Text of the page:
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Sinn Féin on Track to Pull Off Historic Victory in Northern Ireland




Sinn Féin appeared on course to pull off predictions of a historic victory in Northern Ireland’s elections in what would mark the first time the nationalist party, committed to Irish reunification, has outperformed unionists in the region.

Michelle O’Neill, Sinn Féin’s leader in Northern Ireland, looked relaxed on Friday as she easily held her seat in mid-Ulster, to cheers from supporters. “I feel very positive,” she declared. “We said this was an election about the future. It is going to be potentially a historic election.”

The centrist Alliance party was also confident it had delivered a strong showing in Northern Ireland’s elections held on Thursday, underscoring how many voters no longer accept traditional tribal unionist and nationalist divisions.

Full results are expected to trickle in throughout Friday and into the weekend.

If pre-election opinion polls are correct, a Sinn Féin win would relegate the Democratic Unionist party, the largest party committed to preserving the region’s place as part of the UK, to a humiliating second place behind a party long associated with the republican paramilitary IRA.

But whatever the outcome for the 90 seats in the Stormont assembly, when the final tally becomes clear, one thing appears certain: the region’s devolved executive is unlikely to return for months.

The DUP has said it will boycott the power-sharing body unless post-Brexit trading rules for the region, which put a customs border in the Irish Sea, are scrapped.

A DUP refusal to form a new executive next week would open up the prospect of months of political limbo in Northern Ireland and even another election at the end of this year or early in 2023. Ministers would stay on in a caretaker capacity but no new policy could be enacted.

“I voted for Sinn Féin,” said Rose McKenna, 67, a retired social worker who has backed the nationalist Social Democratic and Labour party and the Alliance in past elections.

“It’s more about who you don’t want in than who you do. We need to get [the executive] back and do something to fix this place. I’m fed up of the old arguments.”

Retired social worker Rose McKenna voted for Sinn Féin. ‘It’s more about who you don’t want in than who you do. We need to get [the executive] back and do something to fix this place’ © Paul Mcerlane/FT

The Alliance, meanwhile, was confident it would leapfrog the SDLP and Ulster Unionist party to move into third place from fifth in the last elections in 2017.

Doug Beattie, leader of the UUP party, which had been the fourth largest in the outgoing assembly; and Greens party leader Clare Bailey, were under pressure to retain their seats.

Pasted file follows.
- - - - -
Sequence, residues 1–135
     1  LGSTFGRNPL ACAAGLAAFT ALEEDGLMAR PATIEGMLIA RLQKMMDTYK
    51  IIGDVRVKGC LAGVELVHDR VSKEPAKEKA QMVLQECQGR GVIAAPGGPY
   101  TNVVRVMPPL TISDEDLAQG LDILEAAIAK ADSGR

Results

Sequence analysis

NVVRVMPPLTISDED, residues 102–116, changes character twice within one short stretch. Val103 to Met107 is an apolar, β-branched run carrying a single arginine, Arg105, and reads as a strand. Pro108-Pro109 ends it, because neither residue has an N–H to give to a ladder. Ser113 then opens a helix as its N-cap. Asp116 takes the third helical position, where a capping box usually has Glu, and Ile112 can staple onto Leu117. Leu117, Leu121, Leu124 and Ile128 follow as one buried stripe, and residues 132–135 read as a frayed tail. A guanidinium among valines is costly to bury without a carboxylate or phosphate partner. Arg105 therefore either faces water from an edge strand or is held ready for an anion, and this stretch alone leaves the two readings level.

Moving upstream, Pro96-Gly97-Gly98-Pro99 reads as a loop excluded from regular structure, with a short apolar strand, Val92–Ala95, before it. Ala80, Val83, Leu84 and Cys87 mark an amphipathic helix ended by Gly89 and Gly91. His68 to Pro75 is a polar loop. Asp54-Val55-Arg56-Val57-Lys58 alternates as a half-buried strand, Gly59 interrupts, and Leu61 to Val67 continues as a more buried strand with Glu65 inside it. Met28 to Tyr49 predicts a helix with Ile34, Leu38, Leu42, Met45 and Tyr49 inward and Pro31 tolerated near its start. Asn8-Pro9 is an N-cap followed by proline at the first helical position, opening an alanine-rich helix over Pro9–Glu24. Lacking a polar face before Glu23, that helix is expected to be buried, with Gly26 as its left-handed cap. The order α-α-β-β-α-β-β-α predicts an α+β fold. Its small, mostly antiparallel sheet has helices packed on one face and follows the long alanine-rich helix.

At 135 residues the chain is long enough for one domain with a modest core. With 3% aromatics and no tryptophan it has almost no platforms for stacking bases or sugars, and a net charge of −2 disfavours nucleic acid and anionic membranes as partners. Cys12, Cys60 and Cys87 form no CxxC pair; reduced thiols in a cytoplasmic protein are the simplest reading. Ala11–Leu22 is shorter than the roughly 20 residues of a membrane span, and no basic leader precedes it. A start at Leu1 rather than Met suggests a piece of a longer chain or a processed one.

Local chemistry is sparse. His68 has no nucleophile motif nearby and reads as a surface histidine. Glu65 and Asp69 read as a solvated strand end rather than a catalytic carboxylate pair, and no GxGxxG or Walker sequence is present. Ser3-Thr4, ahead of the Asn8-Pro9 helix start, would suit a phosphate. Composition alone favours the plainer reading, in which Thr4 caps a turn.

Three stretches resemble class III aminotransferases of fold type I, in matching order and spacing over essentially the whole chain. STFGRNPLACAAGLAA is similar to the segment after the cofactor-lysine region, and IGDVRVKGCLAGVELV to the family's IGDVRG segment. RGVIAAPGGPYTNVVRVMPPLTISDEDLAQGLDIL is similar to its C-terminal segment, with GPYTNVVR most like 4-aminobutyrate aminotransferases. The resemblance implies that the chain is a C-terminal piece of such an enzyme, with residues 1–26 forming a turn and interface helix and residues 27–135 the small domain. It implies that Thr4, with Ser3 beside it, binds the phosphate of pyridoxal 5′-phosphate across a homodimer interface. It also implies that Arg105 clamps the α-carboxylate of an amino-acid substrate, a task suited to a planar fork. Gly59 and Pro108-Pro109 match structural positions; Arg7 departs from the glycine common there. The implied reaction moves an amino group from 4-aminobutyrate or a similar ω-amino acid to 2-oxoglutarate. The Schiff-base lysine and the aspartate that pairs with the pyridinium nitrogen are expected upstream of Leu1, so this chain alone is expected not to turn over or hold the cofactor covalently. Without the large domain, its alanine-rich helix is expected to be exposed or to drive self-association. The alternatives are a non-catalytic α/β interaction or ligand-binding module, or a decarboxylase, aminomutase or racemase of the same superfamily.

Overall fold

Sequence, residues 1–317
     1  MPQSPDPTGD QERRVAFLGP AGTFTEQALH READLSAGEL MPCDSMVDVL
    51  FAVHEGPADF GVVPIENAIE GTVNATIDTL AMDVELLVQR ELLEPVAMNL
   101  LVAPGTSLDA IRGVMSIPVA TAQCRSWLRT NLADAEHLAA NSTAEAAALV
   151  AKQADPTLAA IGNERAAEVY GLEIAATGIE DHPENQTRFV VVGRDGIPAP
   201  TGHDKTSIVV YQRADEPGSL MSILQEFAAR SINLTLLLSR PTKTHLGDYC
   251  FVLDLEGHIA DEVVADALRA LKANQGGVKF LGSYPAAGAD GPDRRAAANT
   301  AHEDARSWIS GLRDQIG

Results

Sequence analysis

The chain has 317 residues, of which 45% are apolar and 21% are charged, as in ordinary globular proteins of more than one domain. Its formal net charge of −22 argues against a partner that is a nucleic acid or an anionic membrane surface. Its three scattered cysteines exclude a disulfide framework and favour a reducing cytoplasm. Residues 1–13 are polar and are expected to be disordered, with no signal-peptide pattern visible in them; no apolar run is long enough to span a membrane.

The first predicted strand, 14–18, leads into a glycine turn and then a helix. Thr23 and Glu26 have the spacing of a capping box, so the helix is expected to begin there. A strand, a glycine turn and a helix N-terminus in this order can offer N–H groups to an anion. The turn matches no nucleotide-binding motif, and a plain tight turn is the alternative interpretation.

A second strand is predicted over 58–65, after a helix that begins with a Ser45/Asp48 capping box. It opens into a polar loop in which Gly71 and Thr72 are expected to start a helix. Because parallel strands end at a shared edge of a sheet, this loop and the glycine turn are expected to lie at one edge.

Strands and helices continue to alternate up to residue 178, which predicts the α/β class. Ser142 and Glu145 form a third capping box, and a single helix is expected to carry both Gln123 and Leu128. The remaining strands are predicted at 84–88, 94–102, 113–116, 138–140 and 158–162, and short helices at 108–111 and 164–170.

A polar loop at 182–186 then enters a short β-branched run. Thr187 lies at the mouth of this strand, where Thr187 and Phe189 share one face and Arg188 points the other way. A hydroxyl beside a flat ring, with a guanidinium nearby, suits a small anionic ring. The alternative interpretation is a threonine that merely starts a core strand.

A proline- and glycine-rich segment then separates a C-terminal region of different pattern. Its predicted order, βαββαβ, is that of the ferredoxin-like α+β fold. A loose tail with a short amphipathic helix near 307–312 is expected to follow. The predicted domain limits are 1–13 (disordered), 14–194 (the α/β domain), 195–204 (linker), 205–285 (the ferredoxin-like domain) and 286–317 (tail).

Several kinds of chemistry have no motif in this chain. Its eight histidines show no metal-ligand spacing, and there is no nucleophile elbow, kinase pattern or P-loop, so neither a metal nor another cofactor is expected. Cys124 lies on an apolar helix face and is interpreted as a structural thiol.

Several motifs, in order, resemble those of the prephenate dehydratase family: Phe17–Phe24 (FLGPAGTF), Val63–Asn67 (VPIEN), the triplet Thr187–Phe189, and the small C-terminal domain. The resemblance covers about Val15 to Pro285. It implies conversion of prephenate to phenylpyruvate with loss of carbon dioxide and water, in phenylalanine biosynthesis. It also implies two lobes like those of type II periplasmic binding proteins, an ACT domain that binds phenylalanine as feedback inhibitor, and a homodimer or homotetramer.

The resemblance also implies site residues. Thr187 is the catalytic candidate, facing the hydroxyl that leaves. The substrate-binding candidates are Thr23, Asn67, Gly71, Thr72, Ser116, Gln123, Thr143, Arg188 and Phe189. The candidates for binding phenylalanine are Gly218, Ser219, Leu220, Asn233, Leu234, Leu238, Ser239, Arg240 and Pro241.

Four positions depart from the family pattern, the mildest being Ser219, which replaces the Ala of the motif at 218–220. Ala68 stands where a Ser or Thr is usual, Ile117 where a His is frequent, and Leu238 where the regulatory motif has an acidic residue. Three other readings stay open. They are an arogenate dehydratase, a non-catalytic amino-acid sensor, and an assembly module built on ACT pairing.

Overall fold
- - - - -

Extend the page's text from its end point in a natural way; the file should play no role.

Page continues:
In many cases, final results will be determined by how voters assign their second and subsequent preferences under Northern Ireland’s proportional representation voting system.

DUP leader Sir Jeffrey Donaldson, who was elected to assembly, will have to resign his seat at Westminster to enter Stormont. He told the Financial Times he was “always confident”. His party could benefit if voters from the small, hardline Traditional Unionist Voice party transfer their preferences to it.

While O’Neill focused her campaign message on the cost of living crisis, Donaldson has vowed not to take his party back into the region’s executive as long as the Northern Ireland protocol remains in place.

But even some DUP voters criticised his stance. “They should go back. You should always talk everything out,” said John Madden, 63, a labourer, carrying bags stuffed with red, white and blue bunting and Union Jacks for a street party for Queen Elizabeth II’s platinum jubilee in June.

UK prime minister Boris Johnson, who suffered bruising defeats in local elections in Britain on Thursday, has been preparing legislation to allow the UK to unilaterally rip up parts of the protocol, potentially triggering a trade war with Brussels.

Still, many voters expect the DUP to boycott the power sharing body. “There’s going to be an empty building up there [at Stormont],” said Alisha Hill, a 37-year-old hairdresser and single mum who did not vote. “I think our politics are pretty laughable here.”

Many voters expect the DUP to boycott the power-sharing body. Hairdresser Alisha Hill says, ‘There’s going to be an empty building up there [at Stormont]’ © Paul Mcerlane/FT

Alliance leader Naomi Long said the expected rise in support for her party highlighted the need to move beyond traditional divisions.

Under the 1998 Good Friday Agreement, which halted the three-decades-long conflict between republicans seeking to claim Northern Ireland and loyalists battling to remain British, Northern Ireland’s main unionist and nationalist communities must share power.

“Twenty-four years on from the Good Friday Agreement, we need to get beyond just managing divisions, we need to get to the point where we’re resolving them,” Long said.

Politicians elected to Stormont must next week officially designate themselves as “unionist”, “nationalist” or “other”. Even if the Alliance does well, the “other” camp is still expected to remain considerably smaller than the two traditional communities.

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Iceland Announces Packing Ban Set Roll Out in Every UK Supermarket ‘What a Pain!’




ICELAND has contacted its customers to announce a change to its home delivery shopping service.

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EY: a Management Consultant’s PowerPoint Guide to Splitting Up





EY is hatching a pioneering split of its audit and advisory operations. It is a U-turn but a welcome one that — if it materialises — may set a template for its fellow Big Four audit firms. Presumably EY will start, as must all management consultants worth their salt, with a PowerPoint presentation. Lex previews the slide deck.